Voters went to the polls on Tuesday with an overwhelming belief that the American economy is in strong shape and that the country is headed in the wrong direction. Those voters surged to the kinds of numbers that the nation’s electoral system was ill-equipped to handle, with reports of broken scanners and voting machines. Lines stretched around corners and into parking lots while voters waited for hours.
As the ballots were being counted, it became clear that there would be little clarity by the end of the night. Democrats, on the back of historic turnout — the product of two years of post-Trump grassroots organizing — seized control of a House of Representatives that had been meticulously gerrymandered in order to assure that they would never be able to do just that. Democrats also made major gains in state capitals, winning governorships in Kansas, Illinois, Wisconsin, Michigan, and Maine.
The liberal energy on the ground, when it wasn’t canceled out by GOP turnout, gave Democrats full control of state governments in Colorado, New York, Maine, New Mexico, and Illinois. In Minnesota, the state House flipped to blue, as did both the New Hampshire state House and Senate, while Democrats flipped at least 10 seats in the Texas statehouse. The New York win ushered in not just incoming state Sen. Julia Salazar, but also at least a dozen senators backed by the Working Families Party, putting an end to an era of “three men in a room” rule in Albany.
Major progressive ballot initiatives were approved, too, with the most historic in Florida, where Amendment 4 got well more than the 60 percent it needed in order to restore the right to vote to people convicted of felonies. Elsewhere, voters expanded Medicaid in Idaho, raised the minimum wage in Missouri, and legalized weed in Michigan.
The failure to deliver a knockout blow to Donald Trump will exacerbate tensions within the Democratic Party, torn between its progressive and centrist wings.
Yet President Donald Trump will be able to survey that landscape and claim vindication for his ratcheting up of racist rhetoric in the final weeks of campaigning. The failure to deliver a knockout blow to Trump will exacerbate tensions within the Democratic Party, torn between its progressive wing, which wants to lean into small-dollar donors and run as the only party free of corporate corruption, and its centrist wing, which argues that only with corporate money and an inoffensive platform can Democrats take power.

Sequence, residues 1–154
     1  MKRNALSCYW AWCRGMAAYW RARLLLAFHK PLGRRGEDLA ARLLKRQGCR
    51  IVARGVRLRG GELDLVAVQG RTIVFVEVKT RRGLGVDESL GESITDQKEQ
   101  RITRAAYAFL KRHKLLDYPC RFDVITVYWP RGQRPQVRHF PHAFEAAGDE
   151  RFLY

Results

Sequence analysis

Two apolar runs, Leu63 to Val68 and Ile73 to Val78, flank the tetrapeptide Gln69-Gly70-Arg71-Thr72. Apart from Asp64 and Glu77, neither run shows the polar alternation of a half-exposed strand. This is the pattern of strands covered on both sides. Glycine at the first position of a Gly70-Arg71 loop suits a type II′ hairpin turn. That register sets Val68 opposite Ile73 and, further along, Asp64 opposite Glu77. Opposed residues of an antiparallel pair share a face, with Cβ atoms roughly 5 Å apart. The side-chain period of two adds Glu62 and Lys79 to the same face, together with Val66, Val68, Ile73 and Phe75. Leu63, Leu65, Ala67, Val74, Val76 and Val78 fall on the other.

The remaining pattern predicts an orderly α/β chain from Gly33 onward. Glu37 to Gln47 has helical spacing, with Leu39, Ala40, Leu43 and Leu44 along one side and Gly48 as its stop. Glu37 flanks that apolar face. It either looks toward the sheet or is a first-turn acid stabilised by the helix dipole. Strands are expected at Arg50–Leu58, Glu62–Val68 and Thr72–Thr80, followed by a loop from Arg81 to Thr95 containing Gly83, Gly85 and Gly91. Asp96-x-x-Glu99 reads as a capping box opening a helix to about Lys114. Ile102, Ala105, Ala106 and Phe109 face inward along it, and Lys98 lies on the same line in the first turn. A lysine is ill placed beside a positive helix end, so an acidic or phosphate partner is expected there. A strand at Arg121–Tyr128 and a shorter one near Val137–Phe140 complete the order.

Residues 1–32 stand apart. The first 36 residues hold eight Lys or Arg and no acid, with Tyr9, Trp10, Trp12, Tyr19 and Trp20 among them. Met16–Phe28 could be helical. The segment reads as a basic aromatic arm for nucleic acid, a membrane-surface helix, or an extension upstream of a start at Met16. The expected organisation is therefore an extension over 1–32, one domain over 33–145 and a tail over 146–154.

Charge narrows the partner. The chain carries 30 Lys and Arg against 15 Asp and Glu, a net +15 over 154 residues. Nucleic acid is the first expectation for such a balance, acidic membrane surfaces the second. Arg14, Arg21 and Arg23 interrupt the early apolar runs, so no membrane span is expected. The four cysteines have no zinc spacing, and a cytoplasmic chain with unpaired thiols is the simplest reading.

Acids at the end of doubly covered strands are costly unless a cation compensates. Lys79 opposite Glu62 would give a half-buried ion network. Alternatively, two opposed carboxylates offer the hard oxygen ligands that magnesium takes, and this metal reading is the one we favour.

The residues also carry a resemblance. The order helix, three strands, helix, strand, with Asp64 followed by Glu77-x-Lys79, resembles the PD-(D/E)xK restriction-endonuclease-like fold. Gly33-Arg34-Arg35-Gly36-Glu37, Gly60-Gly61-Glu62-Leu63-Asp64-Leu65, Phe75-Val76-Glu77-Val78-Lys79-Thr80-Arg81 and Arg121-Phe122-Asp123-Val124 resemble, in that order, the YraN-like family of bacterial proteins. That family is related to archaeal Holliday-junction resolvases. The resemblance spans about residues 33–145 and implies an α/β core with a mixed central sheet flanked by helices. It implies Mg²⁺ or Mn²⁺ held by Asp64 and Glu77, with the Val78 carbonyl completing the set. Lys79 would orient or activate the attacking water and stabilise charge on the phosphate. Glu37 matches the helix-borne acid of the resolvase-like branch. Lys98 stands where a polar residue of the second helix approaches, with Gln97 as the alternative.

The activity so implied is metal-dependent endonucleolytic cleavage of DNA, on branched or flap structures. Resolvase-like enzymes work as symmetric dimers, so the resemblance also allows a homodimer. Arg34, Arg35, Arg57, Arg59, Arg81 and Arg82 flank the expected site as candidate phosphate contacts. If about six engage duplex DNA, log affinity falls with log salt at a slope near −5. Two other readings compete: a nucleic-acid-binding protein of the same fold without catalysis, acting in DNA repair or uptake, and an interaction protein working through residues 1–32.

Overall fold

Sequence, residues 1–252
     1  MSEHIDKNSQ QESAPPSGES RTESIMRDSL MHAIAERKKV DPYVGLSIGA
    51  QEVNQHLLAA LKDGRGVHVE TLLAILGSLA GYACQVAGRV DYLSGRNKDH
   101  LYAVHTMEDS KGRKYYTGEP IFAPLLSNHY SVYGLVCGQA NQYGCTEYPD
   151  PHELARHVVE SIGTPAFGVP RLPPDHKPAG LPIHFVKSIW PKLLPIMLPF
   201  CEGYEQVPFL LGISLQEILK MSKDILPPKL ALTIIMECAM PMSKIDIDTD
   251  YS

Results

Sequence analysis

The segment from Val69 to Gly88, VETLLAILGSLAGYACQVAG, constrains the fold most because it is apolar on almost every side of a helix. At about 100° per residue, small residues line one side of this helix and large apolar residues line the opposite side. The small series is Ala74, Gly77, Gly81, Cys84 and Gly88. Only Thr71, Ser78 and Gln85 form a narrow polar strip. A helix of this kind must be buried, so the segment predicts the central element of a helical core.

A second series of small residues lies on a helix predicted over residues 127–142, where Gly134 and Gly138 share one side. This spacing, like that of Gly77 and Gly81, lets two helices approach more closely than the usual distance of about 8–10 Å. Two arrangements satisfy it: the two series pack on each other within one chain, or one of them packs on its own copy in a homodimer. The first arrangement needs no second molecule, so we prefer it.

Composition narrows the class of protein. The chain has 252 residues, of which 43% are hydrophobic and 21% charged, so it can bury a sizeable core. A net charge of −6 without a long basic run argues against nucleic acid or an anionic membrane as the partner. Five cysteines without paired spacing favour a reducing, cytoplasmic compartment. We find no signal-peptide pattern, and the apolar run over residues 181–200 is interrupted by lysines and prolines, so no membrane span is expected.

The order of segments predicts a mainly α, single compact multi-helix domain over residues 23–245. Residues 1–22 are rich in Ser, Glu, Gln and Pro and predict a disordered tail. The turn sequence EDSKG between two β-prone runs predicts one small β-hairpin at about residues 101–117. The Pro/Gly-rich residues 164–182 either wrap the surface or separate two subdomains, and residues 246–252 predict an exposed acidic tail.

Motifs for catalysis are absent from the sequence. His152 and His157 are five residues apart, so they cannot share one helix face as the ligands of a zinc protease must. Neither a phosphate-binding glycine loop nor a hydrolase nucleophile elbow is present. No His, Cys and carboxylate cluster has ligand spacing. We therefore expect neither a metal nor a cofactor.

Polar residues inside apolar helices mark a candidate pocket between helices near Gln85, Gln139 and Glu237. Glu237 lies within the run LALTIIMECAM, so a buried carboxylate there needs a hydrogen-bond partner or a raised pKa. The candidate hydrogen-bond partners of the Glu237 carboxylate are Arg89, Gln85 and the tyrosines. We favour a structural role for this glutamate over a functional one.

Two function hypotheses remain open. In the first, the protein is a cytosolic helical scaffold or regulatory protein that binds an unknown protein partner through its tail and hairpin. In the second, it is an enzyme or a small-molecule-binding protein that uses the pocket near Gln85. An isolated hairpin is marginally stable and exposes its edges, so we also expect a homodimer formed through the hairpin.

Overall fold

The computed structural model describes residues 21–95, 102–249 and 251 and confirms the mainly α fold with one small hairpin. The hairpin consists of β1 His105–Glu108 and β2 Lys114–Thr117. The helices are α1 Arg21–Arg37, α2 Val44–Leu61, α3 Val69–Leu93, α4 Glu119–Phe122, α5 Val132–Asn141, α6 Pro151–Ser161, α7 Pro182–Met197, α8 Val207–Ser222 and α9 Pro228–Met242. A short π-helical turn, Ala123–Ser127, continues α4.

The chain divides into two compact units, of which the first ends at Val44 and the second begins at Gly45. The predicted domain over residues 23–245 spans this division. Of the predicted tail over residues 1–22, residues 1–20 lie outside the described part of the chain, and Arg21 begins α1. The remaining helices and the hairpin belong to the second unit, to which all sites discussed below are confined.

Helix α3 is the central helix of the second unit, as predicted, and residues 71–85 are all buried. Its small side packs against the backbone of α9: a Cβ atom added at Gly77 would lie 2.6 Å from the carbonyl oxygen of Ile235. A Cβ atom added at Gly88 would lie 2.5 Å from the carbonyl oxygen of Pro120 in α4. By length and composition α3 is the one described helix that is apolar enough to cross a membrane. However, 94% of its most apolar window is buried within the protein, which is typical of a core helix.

Like everything else, the House results were mixed. Democrats across the board ran as the most progressive class of challengers in a generation. But the most progressive of them — the ones who were hoping to prove that a bold message could carry deep red districts — fell short. Richard Ojeda lost in West Virginia; J.D. Scholten lost by 11,000 votes to white nationalist Steve King in Iowa; in Omaha, Nebraska, Kara Eastman, whom the national party fought against in the primary, was trailing late into the night; in Syracuse, New York, Dana Balter, whom the party had also battled, lost her bid; Leslie Cockburn lost in rural Virginia; and Jess King lost in rural Pennsylvania.
Some of the centrist candidates that the Democratic Congressional Campaign Committee fought for in contested primaries won their races. Jason Crow emerged victorious in Colorado, and Elaine Luria persevered in Virginia, as did Lizzie Pannill Fletcher in Texas — lining up the kind of wins that will embolden party leadership to continue intervening in primaries against candidates that are deemed too progressive.
Still, the narrowness of the Democrats’ House win — it was a blue wave, but no tsunami — leaves Minority Leader Nancy Pelosi little room to maneuver, and the conflicted nature of the results will put increasing pressure on her to step aside.
The most-watched governors’ races also offered tough results for Democrats.
The paramount race for Trump, both for its 2020 presidential implications and his personal connection to the race, was in Florida, where Trump boosted Rep. Ron DeSantis in the Republican gubernatorial primary. Polls showed progressive Andrew Gillum with a comfortable lead over DeSantis, whose own racist rhetoric equaled that of the president’s, yet DeSantis was declared the winner late on Tuesday night. Outgoing Florida Gov. Rick Scott, who’s been in office since 2011 and declared victory in his race for the U.S. Senate on Tuesday, has been embroiled in several controversies related to voter suppression.
In Georgia, Brian Kemp, the extremist Republican in charge of counting the votes as secretary of state, was ahead of Stacey Abrams, though the race is headed for a runoff. Texas’s Beto O’Rourke, who had been a vessel for the last-minute hopes of progressives around the country, fell just about 200,000 votes short of beating the extreme, right-wing Sen. Ted Cruz.
Yet it was in the Senate where Democrats suffered the greatest setbacks. The terrain was so unfavorable to the party that Democrats managed to win some 9 million more votes than Republicans in Senate races (helped along by the presence of two Democrats on the ballot in California), yet still suffer a net loss of at least three seats — dropping North Dakota, Florida, Missouri, and Indiana, while picking up Nevada. Again, the results were complicated: Progressives Sherrod Brown and Tammy Baldwin won convincingly in Ohio and Wisconsin, respectively. And it was in Wisconsin that the Democrats’ nemesis Gov. Scott Walker was knocked out.
Trump, centrist Democrats, and the party’s progressives each suffered defeats, but each won just enough to be able to make the case that their approach is the right one. And so, on we go.